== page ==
China vows to strike back as US talks tariffs on Chinese steel and aluminium
Beijing says it will take all necessary steps to protect its trade interests
China vowed on Saturday to retaliate after the US Department of Commerce proposed hefty tariffs on imports of Chinese aluminium and steel, with observers warning of further tit-for-tat trade action between the world’s two biggest economies.
China’s Ministry of Commerce said the conclusions from a US departmental national security review of the steel and aluminium industries were baseless because China, among other exporters to the United States, had proved its products did not threaten US national security.
Observers said more confrontation loomed over trade between the two countries and Beijing could respond by limiting imports of American agricultural products.
US President Donald Trump is expected to make a decision on the proposed tariffs in April.
According to department, the action could be a blanket tariff of at least 24 per cent on all steel imports and at least 7.7 per cent on all aluminium imports, or much higher tariffs on steel and aluminium products from 12 countries, including China.
According to the US Census Bureau, China exported about 740,000 metric tonnes of steel products to the US last year, down by about 6 per cent from 2016.
Wang Hejun, director of the commerce ministry’s trade remedy and investigation bureau, said the US, the world’s biggest steel importer, had been overprotective of its output and further restrictions on national security grounds would be reckless.
“The spectrum of national security is very broad. Without a clear definition, it could easily be abused. If every country followed the US on this, it would have serious ramifications on the international trade order,” Wang said.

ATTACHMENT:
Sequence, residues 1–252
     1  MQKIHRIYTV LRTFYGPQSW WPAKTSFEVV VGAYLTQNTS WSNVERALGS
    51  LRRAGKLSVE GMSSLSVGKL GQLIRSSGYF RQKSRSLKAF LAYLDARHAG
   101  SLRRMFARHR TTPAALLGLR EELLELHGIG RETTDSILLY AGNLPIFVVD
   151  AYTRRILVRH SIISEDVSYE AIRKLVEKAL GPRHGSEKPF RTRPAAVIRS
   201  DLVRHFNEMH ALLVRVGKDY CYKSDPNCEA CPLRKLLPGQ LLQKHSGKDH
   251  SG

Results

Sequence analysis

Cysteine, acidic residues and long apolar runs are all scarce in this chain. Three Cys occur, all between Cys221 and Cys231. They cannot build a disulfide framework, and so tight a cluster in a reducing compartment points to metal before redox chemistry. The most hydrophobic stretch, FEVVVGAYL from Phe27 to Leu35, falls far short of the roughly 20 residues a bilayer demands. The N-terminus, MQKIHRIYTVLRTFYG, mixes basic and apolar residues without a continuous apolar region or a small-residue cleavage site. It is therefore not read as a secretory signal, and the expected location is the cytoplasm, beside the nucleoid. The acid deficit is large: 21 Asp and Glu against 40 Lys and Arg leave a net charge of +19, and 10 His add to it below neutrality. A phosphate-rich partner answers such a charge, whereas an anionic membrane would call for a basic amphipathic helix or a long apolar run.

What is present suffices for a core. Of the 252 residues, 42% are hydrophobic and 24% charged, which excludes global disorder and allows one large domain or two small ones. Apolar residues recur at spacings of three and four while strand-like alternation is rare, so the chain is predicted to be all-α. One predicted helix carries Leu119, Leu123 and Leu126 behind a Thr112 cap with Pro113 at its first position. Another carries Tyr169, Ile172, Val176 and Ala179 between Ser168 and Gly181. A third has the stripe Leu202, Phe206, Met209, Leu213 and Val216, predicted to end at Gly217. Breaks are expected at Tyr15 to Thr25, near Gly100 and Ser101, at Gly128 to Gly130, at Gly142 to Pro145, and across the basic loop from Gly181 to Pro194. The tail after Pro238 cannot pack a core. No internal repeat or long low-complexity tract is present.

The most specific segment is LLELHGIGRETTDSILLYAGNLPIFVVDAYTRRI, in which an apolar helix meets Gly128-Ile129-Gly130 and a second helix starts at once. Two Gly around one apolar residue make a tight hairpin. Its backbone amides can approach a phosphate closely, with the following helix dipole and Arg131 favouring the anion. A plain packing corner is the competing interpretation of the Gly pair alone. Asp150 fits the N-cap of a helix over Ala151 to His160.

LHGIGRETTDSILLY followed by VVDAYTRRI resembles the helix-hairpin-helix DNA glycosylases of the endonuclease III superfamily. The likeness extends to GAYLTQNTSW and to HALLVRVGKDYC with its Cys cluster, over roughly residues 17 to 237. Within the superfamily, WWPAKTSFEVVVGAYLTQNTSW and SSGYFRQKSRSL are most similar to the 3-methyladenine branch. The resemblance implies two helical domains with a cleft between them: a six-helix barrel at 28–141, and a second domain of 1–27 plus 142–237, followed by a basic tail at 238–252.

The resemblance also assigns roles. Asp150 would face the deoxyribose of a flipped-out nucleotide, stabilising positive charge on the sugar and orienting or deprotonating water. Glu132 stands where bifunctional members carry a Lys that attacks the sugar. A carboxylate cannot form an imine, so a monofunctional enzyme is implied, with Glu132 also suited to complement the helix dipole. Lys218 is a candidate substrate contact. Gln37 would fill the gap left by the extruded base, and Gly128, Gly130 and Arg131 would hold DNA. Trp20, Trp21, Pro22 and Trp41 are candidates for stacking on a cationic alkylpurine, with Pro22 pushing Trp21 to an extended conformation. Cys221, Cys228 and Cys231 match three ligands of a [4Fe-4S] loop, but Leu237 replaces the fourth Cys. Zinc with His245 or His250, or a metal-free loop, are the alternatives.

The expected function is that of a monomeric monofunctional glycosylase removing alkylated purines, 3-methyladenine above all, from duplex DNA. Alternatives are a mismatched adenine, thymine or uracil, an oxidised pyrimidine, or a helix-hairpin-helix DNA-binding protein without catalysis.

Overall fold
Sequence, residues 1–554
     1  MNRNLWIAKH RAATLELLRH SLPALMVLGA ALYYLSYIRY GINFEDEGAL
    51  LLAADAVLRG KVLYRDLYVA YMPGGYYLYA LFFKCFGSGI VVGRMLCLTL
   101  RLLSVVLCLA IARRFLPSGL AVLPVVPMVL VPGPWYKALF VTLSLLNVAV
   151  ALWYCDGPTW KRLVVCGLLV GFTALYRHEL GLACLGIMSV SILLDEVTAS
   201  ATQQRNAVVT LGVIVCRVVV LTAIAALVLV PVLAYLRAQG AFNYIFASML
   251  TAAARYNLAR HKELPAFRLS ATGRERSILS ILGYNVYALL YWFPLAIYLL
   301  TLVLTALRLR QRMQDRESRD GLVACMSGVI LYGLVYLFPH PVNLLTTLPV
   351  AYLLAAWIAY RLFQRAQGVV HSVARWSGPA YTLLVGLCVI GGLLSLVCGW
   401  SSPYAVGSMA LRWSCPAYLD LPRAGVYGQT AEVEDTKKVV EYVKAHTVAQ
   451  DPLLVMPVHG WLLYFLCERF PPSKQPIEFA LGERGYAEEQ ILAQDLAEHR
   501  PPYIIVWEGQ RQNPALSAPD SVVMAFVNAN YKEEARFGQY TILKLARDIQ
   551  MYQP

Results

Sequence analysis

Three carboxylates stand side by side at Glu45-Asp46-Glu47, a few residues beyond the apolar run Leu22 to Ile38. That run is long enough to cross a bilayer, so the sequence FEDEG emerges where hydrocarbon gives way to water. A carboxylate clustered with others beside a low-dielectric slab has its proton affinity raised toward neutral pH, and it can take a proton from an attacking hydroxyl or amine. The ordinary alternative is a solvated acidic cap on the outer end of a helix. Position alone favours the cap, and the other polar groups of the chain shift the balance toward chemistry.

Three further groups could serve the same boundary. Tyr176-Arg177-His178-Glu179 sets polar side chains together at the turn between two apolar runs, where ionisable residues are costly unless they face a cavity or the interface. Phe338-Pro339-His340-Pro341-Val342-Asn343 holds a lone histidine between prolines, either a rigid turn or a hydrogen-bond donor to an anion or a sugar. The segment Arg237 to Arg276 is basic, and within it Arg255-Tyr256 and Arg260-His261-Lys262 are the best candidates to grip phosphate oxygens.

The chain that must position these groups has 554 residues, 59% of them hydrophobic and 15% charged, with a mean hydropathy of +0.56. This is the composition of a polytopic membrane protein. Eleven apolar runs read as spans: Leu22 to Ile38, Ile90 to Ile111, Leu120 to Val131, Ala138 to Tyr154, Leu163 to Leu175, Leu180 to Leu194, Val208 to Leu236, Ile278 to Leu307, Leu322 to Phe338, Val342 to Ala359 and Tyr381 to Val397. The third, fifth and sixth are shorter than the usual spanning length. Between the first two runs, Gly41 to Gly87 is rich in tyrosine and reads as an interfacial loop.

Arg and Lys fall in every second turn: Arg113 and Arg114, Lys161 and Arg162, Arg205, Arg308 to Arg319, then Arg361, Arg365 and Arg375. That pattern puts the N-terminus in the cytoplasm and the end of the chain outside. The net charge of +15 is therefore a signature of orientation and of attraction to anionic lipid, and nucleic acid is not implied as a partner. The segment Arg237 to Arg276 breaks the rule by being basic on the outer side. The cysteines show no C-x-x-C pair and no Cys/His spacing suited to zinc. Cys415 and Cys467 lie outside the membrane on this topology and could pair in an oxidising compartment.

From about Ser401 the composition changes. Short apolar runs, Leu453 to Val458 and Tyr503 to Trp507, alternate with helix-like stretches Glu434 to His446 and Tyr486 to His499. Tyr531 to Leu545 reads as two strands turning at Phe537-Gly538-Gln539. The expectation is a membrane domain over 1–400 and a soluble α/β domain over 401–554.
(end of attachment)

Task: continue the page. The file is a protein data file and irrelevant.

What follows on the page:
“If the final decision from the US hurts China’s interests, we will definitely take necessary measures to protect our rights.”
Huo Jianguo, a former director of a ministry research institute, said Beijing could fight back with more limits on agricultural products, a major US export to China.
“Although a broad trade war is unlikely, confrontation over single products will increase,” Huo said.
In early February, the ministry launched an anti-dumping investigation into sorghum imports from the US, saying the crop was exported at below-market price to undercut local producers.
That was after Trump imposed new tariffs on made-in-China solar panels and washing machines.
Some analysts have suggested that US soybean could be the next target of Chinese retaliation.
China is the world’s biggest buyer of American sorghum and soybean, most of which is used to feed livestock. Last year, China imported 4.76 million tonnes, or about US$1.1 billion, of sorghum from the US, 95 per cent of China’s overall imports of the grain. China also imports a third of the entire US production of soybean.
Trade tensions between the world’s two biggest economies have intensified this year, with the Trump administration ramping up its rhetoric and Beijing mounting more investigations into imports from the US.
A week after the investigation into US sorghum, the commerce ministry concluded that US, South Korean and Taiwanese output of styrene, a chemical used to make plastics and resins, was being dumped in China.